Pain is a side effect of many conditions, complaints, and general ailments, and - needless to say - it's uncomfortable. Whether pain is internal or external, even in mild cases it causes a distraction, and in severe cases, pain is debilitating and all-consuming. In relying on quick-fix painkillers to relieve discomfort, many people in today's society are unknowingly overlooking the medicinal resources the natural world has to offer. Studies have shown that some of the world's most popular spices have anti-inflammatory and analgesic abilities that are superior to pharmaceutical drugs in providing pain relief, often without adverse side effects.
1. Cayenne (Capsicum annuum)
Cayenne pepper is a spice that is most famous for giving curries their heat, but it also possesses significant pain-relieving properties, too. Capsaicin, present in the pulp and flesh, can be used in an herbal poultice and applied topically to the site of pain, causing immediate heat, followed by a period of desensitized nerve endings, which reduces pain for several weeks.
The herb can also be consumed in capsule form. When consumed orally, cayenne reduces substance P - the chemical that sends pain messages to the brain. The topical and oral use of cayenne has been found to be particularly effective in treating shingles, back pain, and relieving joint pain in arthritis.
2. Ginger (Zingiber officinale)
Ginger is a spice with a host of medicinal abilities, perhaps its most important being its anti-inflammatory ones, which studies suggest are greater - and better for the body - than popular pharmaceutical choices like acetaminophen. It works to relieve pain in two ways: by blocking inflammatory compounds, such as prostaglandin and leukotriene, and by breaking down existing inflammation and acidity. This works externally, when ginger root is used to make a poultice to apply to the site of pain; and orally, as an herbal infusion to relieve gastrointestinal and menstrual pain internally.
3. Licorice (Glycyrrhiza glabra)
Licorice is an anti-inflammatory herb that grows wild in Europe and Asia. It contains compounds that taste extremely sweet, and it is easy to source edible licorice from convenience stores and wholesalers to ingest orally. Licorice is especially effective in relieving ulcer pain; studies have found it to have a reductive effect on the diameter of ulcer inflammation.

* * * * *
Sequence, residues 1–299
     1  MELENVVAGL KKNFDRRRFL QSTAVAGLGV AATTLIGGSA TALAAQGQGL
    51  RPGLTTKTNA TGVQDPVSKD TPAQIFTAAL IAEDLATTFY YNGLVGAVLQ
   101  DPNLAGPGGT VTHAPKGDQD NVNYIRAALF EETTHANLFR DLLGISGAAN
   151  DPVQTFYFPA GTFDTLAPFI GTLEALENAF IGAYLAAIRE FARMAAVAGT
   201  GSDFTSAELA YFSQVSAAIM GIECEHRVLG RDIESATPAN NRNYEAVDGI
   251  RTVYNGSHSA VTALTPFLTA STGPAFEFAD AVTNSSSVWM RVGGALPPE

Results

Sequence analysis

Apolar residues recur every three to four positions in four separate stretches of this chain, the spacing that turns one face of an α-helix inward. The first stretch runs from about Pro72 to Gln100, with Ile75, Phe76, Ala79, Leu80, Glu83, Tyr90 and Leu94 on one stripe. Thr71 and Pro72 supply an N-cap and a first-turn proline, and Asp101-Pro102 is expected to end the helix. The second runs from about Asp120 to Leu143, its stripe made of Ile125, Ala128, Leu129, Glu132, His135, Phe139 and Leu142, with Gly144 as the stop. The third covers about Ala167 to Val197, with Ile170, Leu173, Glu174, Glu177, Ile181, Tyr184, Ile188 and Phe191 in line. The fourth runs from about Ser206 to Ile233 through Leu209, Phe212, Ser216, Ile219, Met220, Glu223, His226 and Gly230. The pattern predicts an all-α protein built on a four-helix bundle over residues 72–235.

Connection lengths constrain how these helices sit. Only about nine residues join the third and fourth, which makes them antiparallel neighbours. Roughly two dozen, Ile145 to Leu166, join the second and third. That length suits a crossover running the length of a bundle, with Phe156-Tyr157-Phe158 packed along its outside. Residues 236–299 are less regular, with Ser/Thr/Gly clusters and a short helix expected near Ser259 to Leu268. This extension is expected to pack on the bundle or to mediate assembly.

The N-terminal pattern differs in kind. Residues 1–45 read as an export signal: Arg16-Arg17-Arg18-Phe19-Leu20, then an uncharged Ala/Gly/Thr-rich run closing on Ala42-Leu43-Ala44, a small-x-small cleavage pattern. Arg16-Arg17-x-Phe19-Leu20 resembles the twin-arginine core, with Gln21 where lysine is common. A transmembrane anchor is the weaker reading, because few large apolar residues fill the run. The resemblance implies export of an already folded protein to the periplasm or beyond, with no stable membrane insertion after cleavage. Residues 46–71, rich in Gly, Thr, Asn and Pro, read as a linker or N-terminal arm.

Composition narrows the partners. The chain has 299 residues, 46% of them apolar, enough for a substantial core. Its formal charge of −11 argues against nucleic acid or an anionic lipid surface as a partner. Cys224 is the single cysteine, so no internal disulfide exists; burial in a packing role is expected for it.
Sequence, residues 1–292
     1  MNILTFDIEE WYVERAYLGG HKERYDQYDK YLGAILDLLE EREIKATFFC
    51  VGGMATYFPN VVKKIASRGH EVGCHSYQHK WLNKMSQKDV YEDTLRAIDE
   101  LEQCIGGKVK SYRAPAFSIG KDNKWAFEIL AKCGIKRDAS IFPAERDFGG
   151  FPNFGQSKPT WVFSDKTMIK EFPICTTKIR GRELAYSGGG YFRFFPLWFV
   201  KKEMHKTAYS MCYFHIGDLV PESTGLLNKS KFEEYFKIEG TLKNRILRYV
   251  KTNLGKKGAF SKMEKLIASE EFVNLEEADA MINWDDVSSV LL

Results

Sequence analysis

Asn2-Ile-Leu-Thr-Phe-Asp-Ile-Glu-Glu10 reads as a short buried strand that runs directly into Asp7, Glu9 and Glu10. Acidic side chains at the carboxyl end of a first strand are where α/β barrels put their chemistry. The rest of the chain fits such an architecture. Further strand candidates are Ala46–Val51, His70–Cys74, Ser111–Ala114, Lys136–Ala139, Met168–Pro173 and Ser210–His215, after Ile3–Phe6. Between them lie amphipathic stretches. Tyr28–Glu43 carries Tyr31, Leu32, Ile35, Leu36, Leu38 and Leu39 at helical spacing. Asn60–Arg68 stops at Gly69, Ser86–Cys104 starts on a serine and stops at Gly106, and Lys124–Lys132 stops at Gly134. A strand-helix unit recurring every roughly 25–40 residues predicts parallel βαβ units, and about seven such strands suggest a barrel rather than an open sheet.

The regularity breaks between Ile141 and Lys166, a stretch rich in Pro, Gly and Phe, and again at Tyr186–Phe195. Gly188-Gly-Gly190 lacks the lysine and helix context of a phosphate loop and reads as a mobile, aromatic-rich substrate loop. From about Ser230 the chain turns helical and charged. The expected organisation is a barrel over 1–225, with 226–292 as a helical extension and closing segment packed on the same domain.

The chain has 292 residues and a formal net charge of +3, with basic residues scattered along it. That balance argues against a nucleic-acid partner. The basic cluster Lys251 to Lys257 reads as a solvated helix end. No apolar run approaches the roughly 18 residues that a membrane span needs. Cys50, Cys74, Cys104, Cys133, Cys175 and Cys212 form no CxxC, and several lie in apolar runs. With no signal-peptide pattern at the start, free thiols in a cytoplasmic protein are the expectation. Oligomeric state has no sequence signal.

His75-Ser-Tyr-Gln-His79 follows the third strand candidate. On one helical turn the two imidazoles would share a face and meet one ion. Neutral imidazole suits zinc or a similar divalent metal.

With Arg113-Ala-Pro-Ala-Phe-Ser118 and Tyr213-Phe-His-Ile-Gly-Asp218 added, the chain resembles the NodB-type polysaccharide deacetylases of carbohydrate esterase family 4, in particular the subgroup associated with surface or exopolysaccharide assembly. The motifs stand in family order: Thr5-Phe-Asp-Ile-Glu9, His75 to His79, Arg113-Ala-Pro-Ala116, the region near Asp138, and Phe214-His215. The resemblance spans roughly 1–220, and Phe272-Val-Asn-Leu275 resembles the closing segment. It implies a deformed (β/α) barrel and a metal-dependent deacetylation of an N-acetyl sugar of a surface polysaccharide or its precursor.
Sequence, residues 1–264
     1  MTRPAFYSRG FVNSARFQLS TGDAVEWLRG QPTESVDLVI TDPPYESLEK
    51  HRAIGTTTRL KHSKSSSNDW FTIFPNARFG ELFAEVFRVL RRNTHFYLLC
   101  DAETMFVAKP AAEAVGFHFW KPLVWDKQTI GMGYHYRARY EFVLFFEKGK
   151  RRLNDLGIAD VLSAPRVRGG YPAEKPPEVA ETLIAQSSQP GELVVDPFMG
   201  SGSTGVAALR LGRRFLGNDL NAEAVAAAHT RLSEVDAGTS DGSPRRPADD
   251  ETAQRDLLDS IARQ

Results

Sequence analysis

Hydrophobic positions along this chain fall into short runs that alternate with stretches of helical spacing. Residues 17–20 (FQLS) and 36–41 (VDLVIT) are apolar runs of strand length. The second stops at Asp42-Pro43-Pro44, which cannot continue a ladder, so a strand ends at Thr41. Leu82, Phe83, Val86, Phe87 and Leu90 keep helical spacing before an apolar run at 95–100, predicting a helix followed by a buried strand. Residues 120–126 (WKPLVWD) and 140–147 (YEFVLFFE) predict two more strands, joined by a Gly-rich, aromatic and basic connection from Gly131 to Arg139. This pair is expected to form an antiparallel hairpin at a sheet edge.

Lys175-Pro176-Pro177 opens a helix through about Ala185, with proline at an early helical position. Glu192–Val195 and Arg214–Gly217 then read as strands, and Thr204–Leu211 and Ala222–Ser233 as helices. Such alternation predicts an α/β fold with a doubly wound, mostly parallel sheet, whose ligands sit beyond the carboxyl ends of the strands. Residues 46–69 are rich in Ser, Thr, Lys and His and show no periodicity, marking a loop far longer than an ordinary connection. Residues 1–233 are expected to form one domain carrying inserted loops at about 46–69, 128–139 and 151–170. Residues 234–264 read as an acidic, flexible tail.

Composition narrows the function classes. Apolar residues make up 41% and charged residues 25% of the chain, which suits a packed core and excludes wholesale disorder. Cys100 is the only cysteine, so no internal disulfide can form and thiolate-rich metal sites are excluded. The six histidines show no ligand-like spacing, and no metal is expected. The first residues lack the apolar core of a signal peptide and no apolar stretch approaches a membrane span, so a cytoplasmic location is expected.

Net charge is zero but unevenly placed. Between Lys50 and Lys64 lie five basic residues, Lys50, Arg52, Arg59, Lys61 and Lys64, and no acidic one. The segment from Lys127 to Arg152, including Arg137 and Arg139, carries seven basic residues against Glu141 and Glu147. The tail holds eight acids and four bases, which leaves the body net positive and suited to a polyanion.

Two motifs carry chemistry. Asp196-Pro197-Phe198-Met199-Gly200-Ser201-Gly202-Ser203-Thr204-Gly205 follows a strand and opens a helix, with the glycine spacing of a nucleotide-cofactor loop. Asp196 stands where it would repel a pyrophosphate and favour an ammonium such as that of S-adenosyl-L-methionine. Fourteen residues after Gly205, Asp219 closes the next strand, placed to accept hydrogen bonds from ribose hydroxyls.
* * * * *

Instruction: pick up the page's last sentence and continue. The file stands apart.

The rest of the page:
4. Turmeric (Curcuma longa)
Turmeric is related to ginger and has a similar golden appearance, though turmeric is bitter and less palatable than its sweeter relative. Turmeric root has significant anti-inflammatory abilities, which studies have found superior to ibuprofen in effectiveness, particularly in relation to arthritic pain, which can be relieved by applying the spice ground into a paste to the skin. Turmeric can also be consumed to relieve internal pain as a tea or liquid extract.
It's easy to overlook the pain-relieving resources that are stocked in your kitchen cupboards or growing in your own herb garden when you are used to reaching for pharmaceutical painkillers at the first signs of pain. Herbs have been used for pain relief for centuries, and the benefits of using all-natural painkillers are many - effectiveness, convenience, and affordability, to name but a few.
Bode, A.M. & Dong, Z. (2011). The Amazing and Mighty Ginger. In: Herbal Medicine: Biomolecular and Clinical Aspects. 2nd ed. Retrieved from http://www.ncbi.nlm.nih.gov/books/NBK92775/
Chrubasik, S. , Weiser, T. & Beime, B. (2010). Effectiveness and safety of topical capsaicin cream in the treatment of chronic soft tissue pain. Phytotherapy research, 24(12), 1877-1885. doi: 10.1002/ptr.3335
Moghadamnia, A.A. , Motallebnejad, M. & Khanian, M. (2009). The efficacy of bioadhesive patches containing licorice extract in the management of recurrent apthous stomatitis. Phytotherapy research, 23(2), 246-250. doi: 10.1002/ptr.2601
National Center for Complementary and Alternative Medicine. (2012). Turmeric. Retrieved March 27, 2014, from http://nccam.nih.gov/health/turmeric/ataglance.htm
University of Maryland Medical Center. (2013). Cayenne. Retrieved March 27, 2014, from http://umm.edu/health/medical/altmed/herb/cayenne